Ukrainian Students Are Being Kicked Out of Their Dorms for Euro 2012

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Written By Chris Azzopardi

Due to a shortage of accommodations in several Ukrainian cities, students at universities in Kiev, Kharkov, Donetsk and Lviv will be forced to give up their dormitories to visiting fans during the Euro 2012 tournament. The students will not only receive no compensation in return for a bunch of drunken louts taking up residence in their rooms, they must continue to pay their dorms fees for the three weeks they will be displaced. Unless they want to work for free.

Via Spiegel comes this distressing story to add to the growing list of negative items coming out of the European Championship tournament preparations. There’s the disease, the likely presence of banned hooligans, the wanton killing of dogs, and now this: Ukraine’s universities have entered into contracts with German ticketing agents for a cut of the Euro tourism pie, and are happily exploiting their students to do it.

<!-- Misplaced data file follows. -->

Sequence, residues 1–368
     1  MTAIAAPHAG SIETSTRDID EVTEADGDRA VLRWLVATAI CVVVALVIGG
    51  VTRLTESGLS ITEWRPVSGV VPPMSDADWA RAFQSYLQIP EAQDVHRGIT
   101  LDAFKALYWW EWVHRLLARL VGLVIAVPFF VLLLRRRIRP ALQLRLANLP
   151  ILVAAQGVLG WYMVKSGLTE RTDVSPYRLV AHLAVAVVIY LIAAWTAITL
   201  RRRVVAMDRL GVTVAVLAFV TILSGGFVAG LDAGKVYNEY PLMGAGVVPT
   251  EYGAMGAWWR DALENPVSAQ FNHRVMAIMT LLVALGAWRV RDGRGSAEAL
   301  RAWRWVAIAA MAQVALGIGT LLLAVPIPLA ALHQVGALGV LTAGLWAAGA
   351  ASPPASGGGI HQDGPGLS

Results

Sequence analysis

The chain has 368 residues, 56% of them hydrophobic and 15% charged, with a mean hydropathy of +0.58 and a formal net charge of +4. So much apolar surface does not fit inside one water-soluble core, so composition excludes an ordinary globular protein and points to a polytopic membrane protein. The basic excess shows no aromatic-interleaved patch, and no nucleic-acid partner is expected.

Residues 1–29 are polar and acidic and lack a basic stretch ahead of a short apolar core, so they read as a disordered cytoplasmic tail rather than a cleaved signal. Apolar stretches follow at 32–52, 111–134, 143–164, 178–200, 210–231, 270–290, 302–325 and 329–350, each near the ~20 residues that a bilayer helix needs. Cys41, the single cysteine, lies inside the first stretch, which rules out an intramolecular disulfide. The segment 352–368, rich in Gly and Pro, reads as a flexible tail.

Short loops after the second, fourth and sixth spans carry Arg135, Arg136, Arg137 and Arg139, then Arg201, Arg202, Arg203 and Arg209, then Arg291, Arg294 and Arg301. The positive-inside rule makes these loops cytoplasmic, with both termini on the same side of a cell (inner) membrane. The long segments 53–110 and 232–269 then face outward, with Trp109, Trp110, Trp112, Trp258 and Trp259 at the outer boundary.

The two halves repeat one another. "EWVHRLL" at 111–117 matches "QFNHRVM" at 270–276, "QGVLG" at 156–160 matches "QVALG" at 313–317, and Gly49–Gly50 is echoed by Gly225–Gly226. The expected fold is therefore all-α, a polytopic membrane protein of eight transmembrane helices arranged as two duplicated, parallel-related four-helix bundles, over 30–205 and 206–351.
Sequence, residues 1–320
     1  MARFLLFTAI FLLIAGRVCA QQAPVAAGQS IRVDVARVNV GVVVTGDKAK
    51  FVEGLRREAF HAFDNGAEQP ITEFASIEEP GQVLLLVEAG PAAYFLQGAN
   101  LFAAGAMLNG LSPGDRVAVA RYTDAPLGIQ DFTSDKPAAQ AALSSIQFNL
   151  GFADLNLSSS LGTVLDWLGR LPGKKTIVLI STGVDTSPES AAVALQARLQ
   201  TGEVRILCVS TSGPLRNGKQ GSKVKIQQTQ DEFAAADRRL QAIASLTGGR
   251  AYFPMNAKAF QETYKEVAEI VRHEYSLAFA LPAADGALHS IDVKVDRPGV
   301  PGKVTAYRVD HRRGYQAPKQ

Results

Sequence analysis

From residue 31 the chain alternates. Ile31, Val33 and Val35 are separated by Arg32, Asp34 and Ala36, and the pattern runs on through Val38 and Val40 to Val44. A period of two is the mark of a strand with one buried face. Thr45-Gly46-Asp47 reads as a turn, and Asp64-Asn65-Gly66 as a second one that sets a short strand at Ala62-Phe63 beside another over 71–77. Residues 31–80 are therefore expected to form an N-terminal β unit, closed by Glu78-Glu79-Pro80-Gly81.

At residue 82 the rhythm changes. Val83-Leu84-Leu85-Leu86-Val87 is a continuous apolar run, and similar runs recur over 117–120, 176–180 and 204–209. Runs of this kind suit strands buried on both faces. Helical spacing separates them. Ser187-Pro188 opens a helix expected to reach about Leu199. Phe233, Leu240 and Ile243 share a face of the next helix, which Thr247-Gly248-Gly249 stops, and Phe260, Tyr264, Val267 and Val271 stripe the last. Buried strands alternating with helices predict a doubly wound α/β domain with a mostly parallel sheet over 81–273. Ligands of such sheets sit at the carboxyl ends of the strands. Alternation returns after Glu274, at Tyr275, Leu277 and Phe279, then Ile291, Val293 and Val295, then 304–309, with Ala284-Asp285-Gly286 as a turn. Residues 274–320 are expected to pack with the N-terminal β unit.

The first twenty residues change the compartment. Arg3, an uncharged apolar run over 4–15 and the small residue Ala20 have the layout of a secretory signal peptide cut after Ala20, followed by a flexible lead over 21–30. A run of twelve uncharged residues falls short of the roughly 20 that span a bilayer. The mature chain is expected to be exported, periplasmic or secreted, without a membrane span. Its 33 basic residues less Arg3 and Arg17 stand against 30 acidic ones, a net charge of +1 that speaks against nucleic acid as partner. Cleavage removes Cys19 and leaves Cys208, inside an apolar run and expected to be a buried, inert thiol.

Despite the tournament taking place during the summer semester break, many students remain in university dorms either by choice or necessity. Those students will now be put out on the street for most of June with no where to go, and no alternative housing is being offered. Thanks to the lodging shortage in Ukraine, there will be no hotel rooms available, and those that do become free will be exorbitantly expensive.

A few students will be able to remain in their rooms, but only if they are willing to serve as free labor while the crush of football fans take up temporary residence. Universities have offered some students contracts that stipulate they can remain in their dorm during the tournament if they work as caretakers. The ability to stay would be their payment, and some contracts require as much as eight hours of work per day.

At least one university, faced with housing football fans in dorms that have not been refurbished since the 1960s, are requiring that students wallpaper their rooms and paint windows, without providing any money for the students to do so.

As appalling as this news is, it shouldn’t come as any surprise. Ukraine’s inability to house its share of the more than 800,000 people expected to attend Euro 2012 combined with universities anxious to cash in on the event created enough demand that the schools are perfectly willing to forsake their students.

See Spiegel for the full story.

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